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in segregated the government fdr government carried all 11 states. fdr put cactus jack who was on the ticket. fdr put a klansman on the supreme court. he put jimmy burns on the supreme court to block the anti-lynching law. so using issue of race to maintain the solidity of northern liberal southern coalition -- what happened was advised evenson, who -- adlai stevenson, was that because stevenson was a tougher guy on former policy then eisenhower? no, he put on his ticket the spark of alabama, who was a shiner of the dixon manifesto that called for massive resistance to immigration and
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massive resistance to the supreme court decision. i was a senior in high school. wrote inmocrats as we that piece, look at the column for next and that shows neck's and went south and he said, let's leave it to the dixiecrats to squeeze the last ounce of political juice out of racial injustice. voted for the civil rights act of 1967, 1964, 1968, anti- desegregated the south. and once the south was desegregated, naturally the south moved from the conservative convictions straight into the republican party, but only after it was desegregated. so it is a libel, and i am happy to take that on in that book. people are complaining.
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i am not whining or complaining, but fdr had all confederate states every single time he ran, all four times. >> we are live streaming this program tonight, and we asked viewers to submit questions on e-mail. i am going to ask one of them from gary kim of denver, colorado. what are your memories of election night 1968? pat buchanan: well they are , fairly terrifying. [laughter] pat buchanan: no, and teddy white in his book says cutting -- and some of you will know the fellow's name, he says coming across the country, what we did is after we had our telethon that monday night, we got on the plane, and nixon flew across the country. and my hands broke out in hives
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really, i was not sure of it was nerves, but teddy white in his book, on the night of the election, buchanan and finch were the most nervous, and bob holtman the most confident. i think that is right. let me tell you a story. before the election, i got a call from john sears, one of our political guys. pat, tell the old man that michigan is gone and we are three down in harris. poll had us at 40. if that were true, the election was over. so i went in on saturday, went into nixon's sweet, and he and bebe were in front of the tv watching the oregon ducks playing usc. and i explained it to him and he said, ok, thanks.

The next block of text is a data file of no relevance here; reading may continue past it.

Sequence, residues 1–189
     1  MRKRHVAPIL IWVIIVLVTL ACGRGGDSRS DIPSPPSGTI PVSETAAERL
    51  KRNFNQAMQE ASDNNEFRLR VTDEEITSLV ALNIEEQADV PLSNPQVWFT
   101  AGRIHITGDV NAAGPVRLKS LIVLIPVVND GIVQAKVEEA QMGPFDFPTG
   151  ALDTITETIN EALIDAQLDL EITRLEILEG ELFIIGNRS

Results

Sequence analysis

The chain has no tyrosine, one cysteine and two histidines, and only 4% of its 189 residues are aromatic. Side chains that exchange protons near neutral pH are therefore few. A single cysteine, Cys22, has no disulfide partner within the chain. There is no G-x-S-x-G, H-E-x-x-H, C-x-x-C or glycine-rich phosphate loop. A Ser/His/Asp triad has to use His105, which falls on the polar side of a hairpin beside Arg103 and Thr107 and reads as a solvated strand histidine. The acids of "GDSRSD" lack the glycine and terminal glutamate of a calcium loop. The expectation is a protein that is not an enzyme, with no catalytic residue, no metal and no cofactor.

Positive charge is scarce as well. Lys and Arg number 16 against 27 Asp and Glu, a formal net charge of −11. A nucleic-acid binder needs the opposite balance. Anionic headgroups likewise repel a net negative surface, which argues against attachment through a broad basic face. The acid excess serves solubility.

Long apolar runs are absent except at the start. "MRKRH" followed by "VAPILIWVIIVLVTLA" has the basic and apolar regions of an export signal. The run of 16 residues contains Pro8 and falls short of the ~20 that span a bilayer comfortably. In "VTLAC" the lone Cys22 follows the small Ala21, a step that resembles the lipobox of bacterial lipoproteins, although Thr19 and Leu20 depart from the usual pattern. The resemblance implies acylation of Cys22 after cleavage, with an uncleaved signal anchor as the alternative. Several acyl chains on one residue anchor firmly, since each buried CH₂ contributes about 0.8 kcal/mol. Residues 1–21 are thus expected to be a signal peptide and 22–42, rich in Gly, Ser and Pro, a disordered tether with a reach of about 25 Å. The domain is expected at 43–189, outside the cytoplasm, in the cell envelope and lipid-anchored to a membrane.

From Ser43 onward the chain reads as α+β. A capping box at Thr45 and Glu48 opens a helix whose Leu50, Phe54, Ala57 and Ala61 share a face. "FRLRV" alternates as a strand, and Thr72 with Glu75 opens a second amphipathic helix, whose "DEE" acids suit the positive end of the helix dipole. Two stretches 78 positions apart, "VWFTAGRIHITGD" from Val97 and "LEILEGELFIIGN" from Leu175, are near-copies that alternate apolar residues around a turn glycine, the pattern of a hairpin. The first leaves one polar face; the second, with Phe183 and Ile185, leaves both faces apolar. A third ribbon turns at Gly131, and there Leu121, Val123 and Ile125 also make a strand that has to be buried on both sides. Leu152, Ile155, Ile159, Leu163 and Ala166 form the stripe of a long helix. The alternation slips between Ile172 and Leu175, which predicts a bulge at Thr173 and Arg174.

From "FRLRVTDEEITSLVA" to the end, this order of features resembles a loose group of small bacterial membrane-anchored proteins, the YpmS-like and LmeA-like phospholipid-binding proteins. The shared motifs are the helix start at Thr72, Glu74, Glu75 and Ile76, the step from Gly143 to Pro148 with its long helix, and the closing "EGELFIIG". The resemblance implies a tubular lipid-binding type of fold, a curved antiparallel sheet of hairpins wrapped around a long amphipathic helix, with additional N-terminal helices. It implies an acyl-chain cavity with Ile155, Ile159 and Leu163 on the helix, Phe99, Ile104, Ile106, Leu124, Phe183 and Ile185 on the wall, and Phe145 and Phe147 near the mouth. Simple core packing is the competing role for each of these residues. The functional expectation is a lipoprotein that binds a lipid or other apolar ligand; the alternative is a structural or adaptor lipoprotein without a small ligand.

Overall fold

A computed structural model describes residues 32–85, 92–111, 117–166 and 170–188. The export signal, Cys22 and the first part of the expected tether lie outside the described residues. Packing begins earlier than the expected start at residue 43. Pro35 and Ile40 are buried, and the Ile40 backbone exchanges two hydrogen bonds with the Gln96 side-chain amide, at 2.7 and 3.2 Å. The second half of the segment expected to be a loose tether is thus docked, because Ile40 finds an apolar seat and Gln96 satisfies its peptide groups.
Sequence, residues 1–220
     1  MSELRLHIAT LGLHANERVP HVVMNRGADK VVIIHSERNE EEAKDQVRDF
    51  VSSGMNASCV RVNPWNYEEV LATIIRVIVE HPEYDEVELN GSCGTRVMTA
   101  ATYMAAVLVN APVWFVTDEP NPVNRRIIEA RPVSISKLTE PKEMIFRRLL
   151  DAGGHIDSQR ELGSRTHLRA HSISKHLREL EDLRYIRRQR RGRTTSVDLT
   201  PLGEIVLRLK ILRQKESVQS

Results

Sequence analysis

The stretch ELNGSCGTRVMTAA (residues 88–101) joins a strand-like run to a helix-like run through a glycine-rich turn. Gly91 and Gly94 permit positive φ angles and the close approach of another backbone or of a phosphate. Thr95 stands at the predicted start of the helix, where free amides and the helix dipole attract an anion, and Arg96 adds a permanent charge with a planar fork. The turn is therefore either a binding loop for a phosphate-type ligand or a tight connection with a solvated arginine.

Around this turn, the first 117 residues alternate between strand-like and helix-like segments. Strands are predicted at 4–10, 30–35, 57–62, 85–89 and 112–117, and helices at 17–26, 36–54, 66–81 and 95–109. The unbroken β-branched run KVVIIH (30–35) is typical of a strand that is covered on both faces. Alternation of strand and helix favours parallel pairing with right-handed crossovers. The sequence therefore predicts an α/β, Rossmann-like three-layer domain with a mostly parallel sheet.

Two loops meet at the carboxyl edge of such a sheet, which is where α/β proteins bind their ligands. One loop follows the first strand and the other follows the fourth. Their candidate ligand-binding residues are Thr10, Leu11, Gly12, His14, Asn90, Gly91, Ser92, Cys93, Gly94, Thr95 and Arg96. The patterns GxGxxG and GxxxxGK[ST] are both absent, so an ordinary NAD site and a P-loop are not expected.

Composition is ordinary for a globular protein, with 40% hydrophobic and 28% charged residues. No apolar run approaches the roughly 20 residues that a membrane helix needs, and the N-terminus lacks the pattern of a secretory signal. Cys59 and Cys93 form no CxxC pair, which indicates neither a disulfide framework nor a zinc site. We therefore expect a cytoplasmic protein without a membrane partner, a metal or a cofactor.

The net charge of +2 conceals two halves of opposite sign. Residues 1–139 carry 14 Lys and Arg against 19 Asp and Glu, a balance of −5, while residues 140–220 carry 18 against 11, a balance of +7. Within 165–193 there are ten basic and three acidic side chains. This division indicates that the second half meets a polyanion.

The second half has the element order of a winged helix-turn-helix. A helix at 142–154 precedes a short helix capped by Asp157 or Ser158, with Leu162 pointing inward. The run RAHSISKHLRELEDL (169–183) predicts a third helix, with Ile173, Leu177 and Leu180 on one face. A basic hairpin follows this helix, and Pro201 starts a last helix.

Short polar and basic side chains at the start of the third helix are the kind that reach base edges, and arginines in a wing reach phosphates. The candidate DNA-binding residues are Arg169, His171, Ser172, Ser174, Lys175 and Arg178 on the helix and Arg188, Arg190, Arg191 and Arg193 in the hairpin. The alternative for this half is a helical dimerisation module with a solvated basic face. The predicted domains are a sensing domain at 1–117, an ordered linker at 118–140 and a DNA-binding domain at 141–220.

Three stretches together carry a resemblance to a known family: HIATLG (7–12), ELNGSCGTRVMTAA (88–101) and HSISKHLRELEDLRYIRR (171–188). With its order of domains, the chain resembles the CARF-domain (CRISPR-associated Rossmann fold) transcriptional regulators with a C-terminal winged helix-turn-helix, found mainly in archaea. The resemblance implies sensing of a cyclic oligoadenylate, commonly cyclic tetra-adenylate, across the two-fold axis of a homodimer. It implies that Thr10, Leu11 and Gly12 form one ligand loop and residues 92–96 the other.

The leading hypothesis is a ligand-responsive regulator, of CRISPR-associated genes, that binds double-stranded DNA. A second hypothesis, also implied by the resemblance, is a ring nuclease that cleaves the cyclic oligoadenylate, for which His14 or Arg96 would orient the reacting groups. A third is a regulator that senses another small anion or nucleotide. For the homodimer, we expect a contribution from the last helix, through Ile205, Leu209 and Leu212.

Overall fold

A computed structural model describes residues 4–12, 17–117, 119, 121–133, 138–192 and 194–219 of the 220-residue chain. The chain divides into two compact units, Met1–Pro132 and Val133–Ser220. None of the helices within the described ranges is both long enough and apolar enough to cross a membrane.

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really, i honestly thought we were going to lose the election. until the returns started coming in, and you saw more and more -- but humphrey couldn't win because wallace was taking all of these votes out of the democratic base. all of these states, and neck sent, once we went to -- an nix on, once we went across the mississippi, where the democrats were still dominant. that night i was at the waldorf-astoria, and i stayed up all night long until six or seven in the morning, and then i fell asleep. nixon up, and they said, has gone to key biscayne. so they left me there. but i waited intel 8:00 in the morning until they finally decided illinois, but we did not need illinois. >> thank you, pat. a business graduate from usc, we
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had a question from ucla, so i will balance it with this person from usc. >> of all the daily press summaries that went from your office to the president was the , most positive news that you delivered to mr. next and other -- mr. nixon other than the election of 1968 and 1972. ? pat buchanan: all of the news summaries? there were an awful lot of -- i cannot even think of any particular one. that went into next and -- nixon. but let me tell you a story. his press to conferences. by the time i got there, i would figure out a system. ziglar and i would work on the press, the issues that were up, and i would write 25 to 30 questions.
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reducednted the answers to 120 words. and at the end of that, zigler and i would get together and ,end a memo called the bz buchanan zigler, memo. we would have the most likely 15 questions we thought he would get. went out, and we did very well. we had a good record. so one time, i sent him the bz memo, and i predicted the questions, and i had all the questions in the book, every single question the press asked on every issue, i predicted and had an answer in the book. 100 on your test, ok? so i get a call after the press conference was over, and nixon says, the president says, buchanan, i see you predicted